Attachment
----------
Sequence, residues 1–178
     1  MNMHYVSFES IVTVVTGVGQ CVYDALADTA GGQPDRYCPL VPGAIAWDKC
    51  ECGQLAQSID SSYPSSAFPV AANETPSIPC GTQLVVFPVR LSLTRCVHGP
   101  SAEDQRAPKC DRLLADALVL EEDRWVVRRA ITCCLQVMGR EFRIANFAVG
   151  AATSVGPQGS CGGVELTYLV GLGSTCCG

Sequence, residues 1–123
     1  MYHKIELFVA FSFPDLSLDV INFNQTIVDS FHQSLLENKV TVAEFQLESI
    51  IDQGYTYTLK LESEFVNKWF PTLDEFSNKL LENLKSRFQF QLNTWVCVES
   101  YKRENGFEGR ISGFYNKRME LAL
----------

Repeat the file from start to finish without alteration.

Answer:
Sequence, residues 1–178
     1  MNMHYVSFES IVTVVTGVGQ CVYDALADTA GGQPDRYCPL VPGAIAWDKC
    51  ECGQLAQSID SSYPSSAFPV AANETPSIPC GTQLVVFPVR LSLTRCVHGP
   101  SAEDQRAPKC DRLLADALVL EEDRWVVRRA ITCCLQVMGR EFRIANFAVG
   151  AATSVGPQGS CGGVELTYLV GLGSTCCG

Sequence, residues 1–123
     1  MYHKIELFVA FSFPDLSLDV INFNQTIVDS FHQSLLENKV TVAEFQLESI
    51  IDQGYTYTLK LESEFVNKWF PTLDEFSNKL LENLKSRFQF QLNTWVCVES
   101  YKRENGFEGR ISGFYNKRME LAL